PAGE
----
If the Denver ballot measure passes, adults 21 and older who are caught with psilocybin mushrooms, or even growing them for personal use, would become the “lowest law enforcement priority” for local police. Plus, the city and county of Denver would be barred from spending any money to prosecute psilocybin cases.

The notion that state laws around mushrooms could be loosened up, much like they have been for cannabis, is not without controversy. Matthew Johnson, who has spent the past 15 years researching psychedelics at Johns Hopkins University in Baltimore, says decriminalization of illegal drugs is generally a good thing, but he wouldn’t support policy that encourages people to use psilocybin without professional supervision.

“(This therapy) needs to be done by appropriately trained and credentialed medical and psychological professionals,” he says.

Research suggests that psilocybin is not addictive, causes few ER visits compared to other illegal drugs and could be used to treat a number of ailments. Johnson believes the most promising research is on treating anxiety and depression in cancer patients. In a study he conducted with other researchers at Johns Hopkins, he says they found even a single dose can positively affect an individual for several months.

“It’s really unprecedented in medical history to see effects for depression that are caused by a single medication,” he says.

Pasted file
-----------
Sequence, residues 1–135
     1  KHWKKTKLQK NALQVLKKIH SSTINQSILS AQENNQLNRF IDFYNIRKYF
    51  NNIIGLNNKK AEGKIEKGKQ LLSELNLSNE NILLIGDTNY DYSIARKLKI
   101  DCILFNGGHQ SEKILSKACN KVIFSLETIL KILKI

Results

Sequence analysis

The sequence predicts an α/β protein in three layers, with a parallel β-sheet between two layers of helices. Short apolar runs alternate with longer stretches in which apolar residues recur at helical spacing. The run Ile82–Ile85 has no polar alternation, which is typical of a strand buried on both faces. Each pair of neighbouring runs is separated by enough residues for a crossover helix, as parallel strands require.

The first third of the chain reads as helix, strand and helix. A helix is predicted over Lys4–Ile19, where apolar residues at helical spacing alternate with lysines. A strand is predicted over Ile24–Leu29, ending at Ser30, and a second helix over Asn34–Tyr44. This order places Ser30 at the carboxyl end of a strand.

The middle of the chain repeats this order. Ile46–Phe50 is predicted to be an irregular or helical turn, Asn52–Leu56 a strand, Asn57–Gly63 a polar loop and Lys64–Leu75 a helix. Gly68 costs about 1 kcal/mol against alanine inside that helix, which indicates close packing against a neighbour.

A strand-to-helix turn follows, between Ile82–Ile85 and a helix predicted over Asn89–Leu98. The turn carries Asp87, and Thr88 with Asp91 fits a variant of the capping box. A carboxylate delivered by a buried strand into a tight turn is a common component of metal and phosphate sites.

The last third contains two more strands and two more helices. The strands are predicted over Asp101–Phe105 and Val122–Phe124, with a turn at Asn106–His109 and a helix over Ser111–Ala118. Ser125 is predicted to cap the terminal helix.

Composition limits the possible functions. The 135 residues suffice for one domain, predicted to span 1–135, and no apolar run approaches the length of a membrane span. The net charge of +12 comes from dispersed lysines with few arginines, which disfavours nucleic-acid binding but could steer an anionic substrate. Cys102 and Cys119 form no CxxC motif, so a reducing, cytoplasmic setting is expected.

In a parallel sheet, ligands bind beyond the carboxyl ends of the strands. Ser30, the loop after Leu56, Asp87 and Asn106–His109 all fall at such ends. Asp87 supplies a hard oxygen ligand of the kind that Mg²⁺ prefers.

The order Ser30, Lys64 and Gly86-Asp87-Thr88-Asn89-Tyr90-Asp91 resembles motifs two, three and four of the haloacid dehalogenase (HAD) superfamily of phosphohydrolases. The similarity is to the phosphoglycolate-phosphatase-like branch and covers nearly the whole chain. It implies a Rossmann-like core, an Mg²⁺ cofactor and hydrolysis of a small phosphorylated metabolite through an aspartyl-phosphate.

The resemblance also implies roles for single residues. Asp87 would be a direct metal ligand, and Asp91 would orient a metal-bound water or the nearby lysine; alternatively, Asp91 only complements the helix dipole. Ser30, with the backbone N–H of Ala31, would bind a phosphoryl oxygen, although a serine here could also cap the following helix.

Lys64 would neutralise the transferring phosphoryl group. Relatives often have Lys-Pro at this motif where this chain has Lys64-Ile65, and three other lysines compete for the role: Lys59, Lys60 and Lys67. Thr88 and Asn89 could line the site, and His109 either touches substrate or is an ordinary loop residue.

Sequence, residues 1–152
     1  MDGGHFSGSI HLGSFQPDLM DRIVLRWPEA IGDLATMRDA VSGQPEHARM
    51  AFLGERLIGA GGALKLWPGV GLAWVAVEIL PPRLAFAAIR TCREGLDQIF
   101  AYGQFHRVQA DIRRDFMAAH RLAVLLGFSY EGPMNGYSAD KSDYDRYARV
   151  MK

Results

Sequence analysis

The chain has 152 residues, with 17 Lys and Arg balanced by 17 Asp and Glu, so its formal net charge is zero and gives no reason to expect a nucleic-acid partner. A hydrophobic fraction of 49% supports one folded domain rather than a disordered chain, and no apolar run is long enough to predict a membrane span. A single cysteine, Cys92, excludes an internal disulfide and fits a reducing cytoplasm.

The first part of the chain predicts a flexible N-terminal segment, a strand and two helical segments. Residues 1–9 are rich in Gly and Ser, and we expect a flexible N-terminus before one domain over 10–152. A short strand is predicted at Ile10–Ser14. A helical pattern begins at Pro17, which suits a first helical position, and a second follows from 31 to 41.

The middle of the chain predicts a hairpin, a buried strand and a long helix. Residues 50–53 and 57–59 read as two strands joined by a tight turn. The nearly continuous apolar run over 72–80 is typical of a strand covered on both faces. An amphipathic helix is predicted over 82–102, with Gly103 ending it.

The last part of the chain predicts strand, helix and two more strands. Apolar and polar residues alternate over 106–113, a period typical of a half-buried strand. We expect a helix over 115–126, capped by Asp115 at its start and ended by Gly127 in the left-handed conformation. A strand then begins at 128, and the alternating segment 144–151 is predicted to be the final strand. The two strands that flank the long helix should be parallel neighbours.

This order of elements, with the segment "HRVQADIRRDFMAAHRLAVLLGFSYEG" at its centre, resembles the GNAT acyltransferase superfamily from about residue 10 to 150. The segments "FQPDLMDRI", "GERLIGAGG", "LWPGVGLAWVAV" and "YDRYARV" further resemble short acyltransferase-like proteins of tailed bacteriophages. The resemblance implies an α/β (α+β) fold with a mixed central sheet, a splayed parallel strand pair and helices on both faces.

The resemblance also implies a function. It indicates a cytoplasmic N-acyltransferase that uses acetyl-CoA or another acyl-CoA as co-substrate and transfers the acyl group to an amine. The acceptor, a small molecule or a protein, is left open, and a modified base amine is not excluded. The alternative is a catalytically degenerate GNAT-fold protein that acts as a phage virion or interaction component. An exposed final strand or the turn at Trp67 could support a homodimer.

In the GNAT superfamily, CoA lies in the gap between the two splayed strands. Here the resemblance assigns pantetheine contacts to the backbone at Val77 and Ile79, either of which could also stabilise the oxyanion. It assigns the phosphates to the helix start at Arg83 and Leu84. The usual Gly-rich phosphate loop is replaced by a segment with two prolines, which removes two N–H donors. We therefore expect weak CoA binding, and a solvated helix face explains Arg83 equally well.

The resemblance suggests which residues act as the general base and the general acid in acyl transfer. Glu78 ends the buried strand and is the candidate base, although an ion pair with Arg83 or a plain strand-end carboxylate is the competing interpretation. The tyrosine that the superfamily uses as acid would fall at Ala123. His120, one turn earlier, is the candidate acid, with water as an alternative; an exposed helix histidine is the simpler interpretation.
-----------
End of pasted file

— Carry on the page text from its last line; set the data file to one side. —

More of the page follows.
Preliminary research has been conducted for other potential uses, including curbing nicotine addiction and for treatment-resistant depression. And while Johnson believes psilocybin could one day become a groundbreaking treatment, he’s emphatic about the potential risks involved.

“The most common side effect is the so-called ‘bad trip,’ ” he says. “(It) can be well-managed in a medical research setting, but that sometimes leads to dangerous behavior when out in the wild.”

Under the influence of psilocybin, people can panic and put themselves in unsafe situations; there have been fatalities, he says.

Johnson says he thinks that, in as little as five years, research on psilocybin will lead to the first medication approved by the Federal Drug Administration. Once that happens, he thinks the government will have to remove it as a Schedule 1 drug — a substance like heroin that the DEA considers to have “no accepted medical use and a high potential for abuse.”

Until then, Deanne Reuter, the assistant special agent in charge at the DEA’s Denver office, says the agency will continue prosecuting cases of psilocybin possession and trafficking.